County considers ban on panhandling

Written by Jane Stebbins, Pilot staff writer October 26, 2012 10:22 pm

Curry County attorney Jerry Herbage is looking into the legalities of making panhandling illegal countywide – and it may focus on citizens giving money rather than those receiving it.

The issue has resurfaced because of people who “fly their signs,” notably in Harbor. People asking for money know it’s illegal to do so in the city of Brookings, so they cross the Chetco River bridge to Harbor and work the shopping malls.

“It’s tough on business,” said County Commissioner David Itzen. “Business owners have come to meetings and talked about the difficulties they’ve had there. All you have to do is go up to Rite Aid and talk with some of those folks and what they’ve put up with; it’s been very unpleasant.”

 

And it’s difficult for the Sheriff’s Office, which covers unincorporated Curry County – including the six miles between Brookings and the California border – to respond to calls with its limited resources.

Herbage said he will soon start to research what other municipalities and counties have done and how well it has worked. Additionally, there might be Constitutional rulings – possibly involving the freedom of speech – that limit what can be done. It could be, however, addressed under the purview of public safety.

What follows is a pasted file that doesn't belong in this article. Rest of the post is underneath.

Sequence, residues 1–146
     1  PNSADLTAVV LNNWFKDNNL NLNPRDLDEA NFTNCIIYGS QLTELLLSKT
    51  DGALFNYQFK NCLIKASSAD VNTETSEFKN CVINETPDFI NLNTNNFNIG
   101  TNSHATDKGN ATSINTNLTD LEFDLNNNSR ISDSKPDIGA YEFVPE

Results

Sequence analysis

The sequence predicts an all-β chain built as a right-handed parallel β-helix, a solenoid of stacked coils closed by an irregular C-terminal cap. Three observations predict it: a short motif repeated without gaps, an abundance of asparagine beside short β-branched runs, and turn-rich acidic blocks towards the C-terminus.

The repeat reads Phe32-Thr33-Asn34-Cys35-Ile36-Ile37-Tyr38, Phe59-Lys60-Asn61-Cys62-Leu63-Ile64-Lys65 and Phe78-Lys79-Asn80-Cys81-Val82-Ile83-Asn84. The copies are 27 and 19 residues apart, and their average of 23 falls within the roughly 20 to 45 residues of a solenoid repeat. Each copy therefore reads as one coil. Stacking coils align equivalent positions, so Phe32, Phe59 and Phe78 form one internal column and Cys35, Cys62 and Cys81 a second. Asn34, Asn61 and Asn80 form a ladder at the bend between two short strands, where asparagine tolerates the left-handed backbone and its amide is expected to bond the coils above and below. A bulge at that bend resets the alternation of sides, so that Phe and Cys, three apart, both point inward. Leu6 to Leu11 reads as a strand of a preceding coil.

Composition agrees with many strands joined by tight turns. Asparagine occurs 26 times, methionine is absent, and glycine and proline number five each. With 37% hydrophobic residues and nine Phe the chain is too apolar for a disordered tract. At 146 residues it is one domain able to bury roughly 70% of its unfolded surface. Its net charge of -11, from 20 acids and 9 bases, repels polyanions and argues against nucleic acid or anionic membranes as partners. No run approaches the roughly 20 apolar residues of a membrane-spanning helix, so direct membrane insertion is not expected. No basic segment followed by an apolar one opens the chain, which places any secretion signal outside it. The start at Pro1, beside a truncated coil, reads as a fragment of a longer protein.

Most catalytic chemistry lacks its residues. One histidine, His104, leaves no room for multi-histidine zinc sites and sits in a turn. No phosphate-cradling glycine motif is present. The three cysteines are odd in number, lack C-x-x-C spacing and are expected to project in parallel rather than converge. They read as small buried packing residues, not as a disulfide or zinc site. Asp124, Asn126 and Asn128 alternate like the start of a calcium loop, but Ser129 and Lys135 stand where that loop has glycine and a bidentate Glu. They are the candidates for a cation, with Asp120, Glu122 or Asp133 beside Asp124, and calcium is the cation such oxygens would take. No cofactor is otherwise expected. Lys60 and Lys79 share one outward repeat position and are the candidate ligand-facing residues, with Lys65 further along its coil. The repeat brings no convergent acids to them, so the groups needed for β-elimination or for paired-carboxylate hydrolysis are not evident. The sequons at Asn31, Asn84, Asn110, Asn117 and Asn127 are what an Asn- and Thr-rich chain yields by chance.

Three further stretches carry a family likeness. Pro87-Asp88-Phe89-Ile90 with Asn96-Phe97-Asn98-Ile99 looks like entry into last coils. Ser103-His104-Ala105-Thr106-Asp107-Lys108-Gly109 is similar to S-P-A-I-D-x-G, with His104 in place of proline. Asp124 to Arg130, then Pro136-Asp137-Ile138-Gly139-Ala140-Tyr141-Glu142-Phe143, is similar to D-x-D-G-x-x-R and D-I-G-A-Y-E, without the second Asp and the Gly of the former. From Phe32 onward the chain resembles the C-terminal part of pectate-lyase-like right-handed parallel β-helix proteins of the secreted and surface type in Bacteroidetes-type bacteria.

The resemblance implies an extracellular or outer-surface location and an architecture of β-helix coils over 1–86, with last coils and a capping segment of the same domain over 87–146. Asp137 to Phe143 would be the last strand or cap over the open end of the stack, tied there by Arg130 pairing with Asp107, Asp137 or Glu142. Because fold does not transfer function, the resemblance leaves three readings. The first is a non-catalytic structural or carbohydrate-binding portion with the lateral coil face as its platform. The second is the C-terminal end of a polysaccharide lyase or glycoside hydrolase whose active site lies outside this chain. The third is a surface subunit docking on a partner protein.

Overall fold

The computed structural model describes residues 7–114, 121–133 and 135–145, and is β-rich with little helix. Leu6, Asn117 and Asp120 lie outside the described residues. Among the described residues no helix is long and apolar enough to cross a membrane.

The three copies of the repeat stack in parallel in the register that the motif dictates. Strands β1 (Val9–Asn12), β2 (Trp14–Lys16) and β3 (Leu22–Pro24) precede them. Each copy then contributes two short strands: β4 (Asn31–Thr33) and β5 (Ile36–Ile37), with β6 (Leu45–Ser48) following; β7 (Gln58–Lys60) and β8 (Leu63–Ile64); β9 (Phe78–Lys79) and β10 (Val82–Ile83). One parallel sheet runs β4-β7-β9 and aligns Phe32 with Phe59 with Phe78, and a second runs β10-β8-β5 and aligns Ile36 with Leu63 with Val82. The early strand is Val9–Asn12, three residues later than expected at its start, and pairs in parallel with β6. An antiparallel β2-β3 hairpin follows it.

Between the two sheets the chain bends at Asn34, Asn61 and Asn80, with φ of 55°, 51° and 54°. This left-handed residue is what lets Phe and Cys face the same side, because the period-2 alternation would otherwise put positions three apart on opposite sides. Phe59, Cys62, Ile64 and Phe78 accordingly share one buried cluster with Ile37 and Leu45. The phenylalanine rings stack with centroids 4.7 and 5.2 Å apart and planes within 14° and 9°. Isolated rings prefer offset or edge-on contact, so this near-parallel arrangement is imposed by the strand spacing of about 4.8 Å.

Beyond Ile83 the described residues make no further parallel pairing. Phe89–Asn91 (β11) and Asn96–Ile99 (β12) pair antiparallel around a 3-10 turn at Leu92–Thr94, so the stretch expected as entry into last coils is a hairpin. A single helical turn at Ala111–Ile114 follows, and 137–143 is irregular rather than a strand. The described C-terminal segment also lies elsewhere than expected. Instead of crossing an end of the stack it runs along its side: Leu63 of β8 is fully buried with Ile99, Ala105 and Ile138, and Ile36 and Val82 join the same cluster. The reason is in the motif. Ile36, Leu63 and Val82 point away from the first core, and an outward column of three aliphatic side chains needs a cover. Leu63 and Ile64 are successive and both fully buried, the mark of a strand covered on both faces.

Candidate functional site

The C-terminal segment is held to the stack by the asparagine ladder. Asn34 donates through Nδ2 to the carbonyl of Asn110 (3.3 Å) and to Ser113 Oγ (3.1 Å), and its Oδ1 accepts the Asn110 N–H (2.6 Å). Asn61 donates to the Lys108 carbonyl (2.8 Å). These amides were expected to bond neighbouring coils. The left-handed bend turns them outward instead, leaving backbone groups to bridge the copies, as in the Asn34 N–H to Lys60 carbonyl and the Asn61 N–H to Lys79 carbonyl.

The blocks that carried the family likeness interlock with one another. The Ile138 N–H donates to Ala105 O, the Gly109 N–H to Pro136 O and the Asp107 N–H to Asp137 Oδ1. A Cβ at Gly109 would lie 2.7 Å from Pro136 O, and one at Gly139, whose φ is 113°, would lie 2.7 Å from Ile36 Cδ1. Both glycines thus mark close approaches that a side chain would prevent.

And that could lead to questions regarding the legality of motorists who give the panhandlers food or water, which many do.

But if commissioners can fashion an ordinance making it illegal to give people money – it could improve the situation for merchants.

“That would take the incentive away,” Itzen said. “If a guy’s going to be there panhandling and no one’s going to give him any money, what’s the point?”

Oftentimes, officers shoo the panhandler on, knowing there is no room in the jail, nor time to do paperwork on someone who usually will be given a warm meal and a hot shower only to be back on the streets, Itzen said.

“The jail is crowded to the point where the sheriff has had to release prisoners from time to time,” Itzen said. “He’s had to declare an emergency from time to time. This scenario is not the best way to go.”

He added that he didn’t know how well such an ordinance would work.

“But as long as folks continue to give them money, they’ll continue to be there,” he said. “It (an ordinance) may help, a little bit. Times are tough today.”

And enforcement, as is often the case, would still be a challenge.

“If you adopt an ordinance, it’s pretty good to enforce it,” Herbage said. “It’s not very good to just decorate your walls with.”

Herbage hopes to have more information for the board for its Nov. 7 meeting.